The new study on rats found that babies had a higher chance of being fat if their mother ate trans fats in pregnancy or while lactating.
Eating foods rich in trans fats while pregnant or breastfeeding could lead to fatter babies, new research has suggested.
Trans fats - which are contained in some biscuits, cakes, pies and crackers - have been linked to heart disease.
The experts behind the research called for further studies and warned of the implications for pregnant women.
The process of making hydrogenated fats and oils, which help extend the shelf life of products, can lead to the creation of trans fats.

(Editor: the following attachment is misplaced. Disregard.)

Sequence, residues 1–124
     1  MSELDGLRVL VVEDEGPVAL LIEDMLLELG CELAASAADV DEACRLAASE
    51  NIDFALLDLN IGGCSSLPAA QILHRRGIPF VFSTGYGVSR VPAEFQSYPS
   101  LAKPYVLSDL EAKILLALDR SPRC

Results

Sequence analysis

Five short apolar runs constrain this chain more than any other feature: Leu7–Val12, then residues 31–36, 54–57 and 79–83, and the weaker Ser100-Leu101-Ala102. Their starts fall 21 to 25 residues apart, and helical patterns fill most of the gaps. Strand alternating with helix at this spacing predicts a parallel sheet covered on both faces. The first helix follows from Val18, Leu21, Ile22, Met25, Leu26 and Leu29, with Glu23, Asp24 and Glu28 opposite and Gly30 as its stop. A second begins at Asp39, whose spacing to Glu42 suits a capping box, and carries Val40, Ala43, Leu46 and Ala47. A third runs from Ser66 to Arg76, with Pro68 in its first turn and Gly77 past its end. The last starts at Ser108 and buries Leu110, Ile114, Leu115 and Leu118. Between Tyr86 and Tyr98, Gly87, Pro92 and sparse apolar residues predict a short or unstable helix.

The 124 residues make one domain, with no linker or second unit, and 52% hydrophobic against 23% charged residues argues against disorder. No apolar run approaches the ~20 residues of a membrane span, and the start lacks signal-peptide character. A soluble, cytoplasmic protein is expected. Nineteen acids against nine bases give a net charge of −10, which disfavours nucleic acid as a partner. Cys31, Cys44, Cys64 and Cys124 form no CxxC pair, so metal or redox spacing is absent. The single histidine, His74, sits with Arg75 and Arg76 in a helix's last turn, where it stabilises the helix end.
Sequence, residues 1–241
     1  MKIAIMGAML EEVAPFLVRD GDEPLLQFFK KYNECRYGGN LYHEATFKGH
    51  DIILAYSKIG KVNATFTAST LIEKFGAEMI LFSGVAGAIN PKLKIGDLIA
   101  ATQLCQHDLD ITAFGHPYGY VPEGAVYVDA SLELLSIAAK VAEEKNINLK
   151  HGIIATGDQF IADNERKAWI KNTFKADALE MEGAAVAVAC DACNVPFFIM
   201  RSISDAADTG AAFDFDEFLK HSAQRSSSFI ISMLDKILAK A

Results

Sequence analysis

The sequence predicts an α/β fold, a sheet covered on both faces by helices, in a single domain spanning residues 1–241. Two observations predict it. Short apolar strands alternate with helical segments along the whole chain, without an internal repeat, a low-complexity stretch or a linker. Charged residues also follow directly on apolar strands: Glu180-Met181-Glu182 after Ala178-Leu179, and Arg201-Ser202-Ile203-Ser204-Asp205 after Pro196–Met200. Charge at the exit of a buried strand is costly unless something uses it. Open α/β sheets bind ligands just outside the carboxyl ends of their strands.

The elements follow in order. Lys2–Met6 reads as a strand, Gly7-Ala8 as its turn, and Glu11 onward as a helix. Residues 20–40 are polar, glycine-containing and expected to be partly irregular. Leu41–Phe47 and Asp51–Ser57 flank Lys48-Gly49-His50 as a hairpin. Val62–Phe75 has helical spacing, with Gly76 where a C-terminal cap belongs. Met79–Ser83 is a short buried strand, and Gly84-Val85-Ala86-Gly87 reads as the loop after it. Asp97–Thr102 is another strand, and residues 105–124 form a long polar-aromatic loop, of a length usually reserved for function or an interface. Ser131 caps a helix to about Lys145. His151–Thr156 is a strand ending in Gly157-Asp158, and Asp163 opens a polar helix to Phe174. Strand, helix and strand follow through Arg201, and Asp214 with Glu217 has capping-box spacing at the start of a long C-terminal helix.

Many takeaways and a wide range of snack foods contain these fats.
The study, by researchers at Sao Paulo Federal University in Brazil, was published in the journal Lipids in Health and Disease.
Luciana Pisani, who led the study, said: "We know that foetal growth is influenced by the mother's nutritional status.
"The nutritional conditions during pregnancy has a major role in the metabolic and hormonal interactions between the mother's body, placenta and foetus. We found that the fatty content of the babies' bodies increased when the mothers were fed the hydrogenated fat rich diet.
"We need to investigate this further as this has important implications for people's own diets, especially pregnant women."